Negro Slavery

Negro slavery played an important role in the United States history, and especially in the southern states. Slavery started when many Spanish, Portuguese, and later British plantations in the "New World" became short of labor. By the end of the nineteenth century the traffic in slaves had increased mainly because of the cultivation of cotton. Almost a million captive African American joined in the migration to the southwest during the antebellum era.

By 1850 58,161 slaves lived in the state Texas. The total aggregate population was at the same time 212,592. The presence or absence of large numbers of Negro slaves has usually been used to differentiate the two "areas". Negro slavery, is in this case one of the most obvious correlations to express the dichotomy within Upper and Lower South. anticipated that areas dominated by Gulf Southerners had a high proportion of slaves in the population. In Mexican Texas Negroes were only common at plantation areas near the mouths of Brazos and Colorado rivers. After the revolution all restrictions on slavery were removed. The following immigration of large numbers of Gulf Southerners caused a rise in the percentage of slaves in the total population. In 1848 26 percent of the total population were Negroes. By 1860 this proportion had risen to 30 percent.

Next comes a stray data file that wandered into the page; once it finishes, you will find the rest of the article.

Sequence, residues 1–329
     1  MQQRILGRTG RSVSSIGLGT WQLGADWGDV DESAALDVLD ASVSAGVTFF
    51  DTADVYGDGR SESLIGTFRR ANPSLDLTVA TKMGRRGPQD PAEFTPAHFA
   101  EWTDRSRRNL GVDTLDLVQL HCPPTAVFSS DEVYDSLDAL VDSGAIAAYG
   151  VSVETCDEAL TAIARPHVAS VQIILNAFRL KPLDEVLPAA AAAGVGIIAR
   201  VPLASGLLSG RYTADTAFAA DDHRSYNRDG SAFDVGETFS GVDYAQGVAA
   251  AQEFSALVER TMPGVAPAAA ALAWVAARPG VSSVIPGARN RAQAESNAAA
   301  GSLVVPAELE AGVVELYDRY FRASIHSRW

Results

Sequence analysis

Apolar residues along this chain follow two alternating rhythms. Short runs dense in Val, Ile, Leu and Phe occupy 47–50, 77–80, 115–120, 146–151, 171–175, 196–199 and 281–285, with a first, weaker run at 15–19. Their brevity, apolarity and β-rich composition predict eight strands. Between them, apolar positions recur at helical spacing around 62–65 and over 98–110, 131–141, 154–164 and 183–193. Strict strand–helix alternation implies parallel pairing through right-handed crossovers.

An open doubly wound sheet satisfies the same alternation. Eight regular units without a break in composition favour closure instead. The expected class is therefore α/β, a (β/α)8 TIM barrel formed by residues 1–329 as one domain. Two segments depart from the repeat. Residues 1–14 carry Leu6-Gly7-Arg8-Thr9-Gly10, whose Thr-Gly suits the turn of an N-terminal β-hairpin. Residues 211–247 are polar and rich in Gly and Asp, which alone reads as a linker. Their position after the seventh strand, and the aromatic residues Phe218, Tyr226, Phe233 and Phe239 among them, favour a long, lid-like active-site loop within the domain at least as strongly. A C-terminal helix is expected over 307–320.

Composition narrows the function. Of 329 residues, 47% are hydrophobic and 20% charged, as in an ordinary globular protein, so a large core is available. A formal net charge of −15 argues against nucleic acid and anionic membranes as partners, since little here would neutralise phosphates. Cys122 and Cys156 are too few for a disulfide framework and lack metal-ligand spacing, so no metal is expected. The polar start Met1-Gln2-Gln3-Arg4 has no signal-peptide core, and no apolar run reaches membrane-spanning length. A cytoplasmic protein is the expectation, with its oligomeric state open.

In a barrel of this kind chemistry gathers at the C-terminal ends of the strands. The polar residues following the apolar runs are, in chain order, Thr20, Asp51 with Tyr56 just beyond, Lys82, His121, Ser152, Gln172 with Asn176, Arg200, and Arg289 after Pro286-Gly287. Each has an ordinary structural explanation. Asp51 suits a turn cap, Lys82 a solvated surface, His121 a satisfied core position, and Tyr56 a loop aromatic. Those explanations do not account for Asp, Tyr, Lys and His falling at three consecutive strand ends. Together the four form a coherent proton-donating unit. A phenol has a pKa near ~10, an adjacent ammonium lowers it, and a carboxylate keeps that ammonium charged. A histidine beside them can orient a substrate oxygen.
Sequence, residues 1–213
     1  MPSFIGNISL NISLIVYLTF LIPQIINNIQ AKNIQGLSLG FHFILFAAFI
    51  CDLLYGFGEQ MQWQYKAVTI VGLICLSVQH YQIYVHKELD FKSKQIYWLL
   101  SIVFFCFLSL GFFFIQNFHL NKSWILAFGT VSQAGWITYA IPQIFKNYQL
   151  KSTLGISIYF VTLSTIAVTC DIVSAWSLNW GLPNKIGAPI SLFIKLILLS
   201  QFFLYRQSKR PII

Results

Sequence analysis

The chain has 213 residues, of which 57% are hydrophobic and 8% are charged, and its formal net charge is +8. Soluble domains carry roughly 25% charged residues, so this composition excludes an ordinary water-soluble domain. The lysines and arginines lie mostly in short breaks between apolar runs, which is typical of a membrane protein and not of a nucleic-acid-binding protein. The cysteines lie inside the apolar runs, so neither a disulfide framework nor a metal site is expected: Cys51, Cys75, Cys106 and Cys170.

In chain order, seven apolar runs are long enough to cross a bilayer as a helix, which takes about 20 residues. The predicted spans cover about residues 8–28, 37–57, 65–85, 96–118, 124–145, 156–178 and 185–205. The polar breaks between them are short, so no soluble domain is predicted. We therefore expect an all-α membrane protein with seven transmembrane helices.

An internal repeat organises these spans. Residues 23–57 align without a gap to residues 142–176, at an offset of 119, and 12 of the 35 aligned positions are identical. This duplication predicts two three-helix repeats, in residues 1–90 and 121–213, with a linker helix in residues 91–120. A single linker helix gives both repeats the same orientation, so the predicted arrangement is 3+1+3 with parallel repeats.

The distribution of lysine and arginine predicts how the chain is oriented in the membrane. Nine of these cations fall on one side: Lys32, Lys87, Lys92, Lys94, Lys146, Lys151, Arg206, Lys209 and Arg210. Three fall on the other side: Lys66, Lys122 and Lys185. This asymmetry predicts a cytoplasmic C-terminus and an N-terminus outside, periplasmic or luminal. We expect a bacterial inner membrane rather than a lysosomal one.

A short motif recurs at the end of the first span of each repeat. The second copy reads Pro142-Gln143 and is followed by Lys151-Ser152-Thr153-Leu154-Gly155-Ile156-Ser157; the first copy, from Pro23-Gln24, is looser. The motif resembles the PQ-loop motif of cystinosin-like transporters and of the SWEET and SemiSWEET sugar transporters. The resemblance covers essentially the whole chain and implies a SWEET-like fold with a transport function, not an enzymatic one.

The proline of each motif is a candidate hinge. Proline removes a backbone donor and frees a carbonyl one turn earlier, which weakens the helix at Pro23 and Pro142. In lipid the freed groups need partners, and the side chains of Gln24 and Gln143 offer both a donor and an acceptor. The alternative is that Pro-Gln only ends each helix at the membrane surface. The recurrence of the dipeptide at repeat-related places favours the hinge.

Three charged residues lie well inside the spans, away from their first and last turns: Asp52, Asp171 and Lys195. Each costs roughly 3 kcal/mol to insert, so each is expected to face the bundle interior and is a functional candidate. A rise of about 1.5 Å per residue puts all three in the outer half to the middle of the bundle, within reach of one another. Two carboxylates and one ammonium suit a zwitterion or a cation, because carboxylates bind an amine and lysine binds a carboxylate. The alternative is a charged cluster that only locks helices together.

There were numerous slaveless yeomen to be found in the antebellum Lower South, just as there were selected areas within the Upper south where slave plantations had taken root, most notably the Nashville and Bluegrass basins. The South rested in many ways on slavery and agriculture. The cotton plantation life, based on a large influx of slaves, characterized the southern region. The plantations set the tone of economic and social life in the South. In 1860 Gulf Southern counties in Texas had 37 % Negro slaves in the total population, while upper southern counties had 17 %. Most of the south remained industrially undeveloped to the Civil War, at least by North-American standards